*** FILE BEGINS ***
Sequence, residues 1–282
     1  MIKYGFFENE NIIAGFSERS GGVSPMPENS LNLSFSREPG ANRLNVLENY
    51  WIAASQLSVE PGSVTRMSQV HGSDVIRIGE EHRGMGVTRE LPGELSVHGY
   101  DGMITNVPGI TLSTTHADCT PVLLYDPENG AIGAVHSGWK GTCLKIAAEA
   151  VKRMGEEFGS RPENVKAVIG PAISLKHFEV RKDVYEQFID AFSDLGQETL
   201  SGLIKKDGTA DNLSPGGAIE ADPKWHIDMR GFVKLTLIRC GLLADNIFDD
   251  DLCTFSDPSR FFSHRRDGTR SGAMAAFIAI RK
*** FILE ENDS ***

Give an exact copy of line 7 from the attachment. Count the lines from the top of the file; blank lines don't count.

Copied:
   251  DLCTFSDPSR FFSHRRDGTR SGAMAAFIAI RK